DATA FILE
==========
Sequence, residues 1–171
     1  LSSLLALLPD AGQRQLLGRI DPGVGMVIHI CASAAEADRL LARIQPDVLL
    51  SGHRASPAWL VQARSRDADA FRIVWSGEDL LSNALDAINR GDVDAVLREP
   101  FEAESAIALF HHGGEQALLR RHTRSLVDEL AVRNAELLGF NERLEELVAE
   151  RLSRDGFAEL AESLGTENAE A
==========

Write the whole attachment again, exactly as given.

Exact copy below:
Sequence, residues 1–171
     1  LSSLLALLPD AGQRQLLGRI DPGVGMVIHI CASAAEADRL LARIQPDVLL
    51  SGHRASPAWL VQARSRDADA FRIVWSGEDL LSNALDAINR GDVDAVLREP
   101  FEAESAIALF HHGGEQALLR RHTRSLVDEL AVRNAELLGF NERLEELVAE
   151  RLSRDGFAEL AESLGTENAE A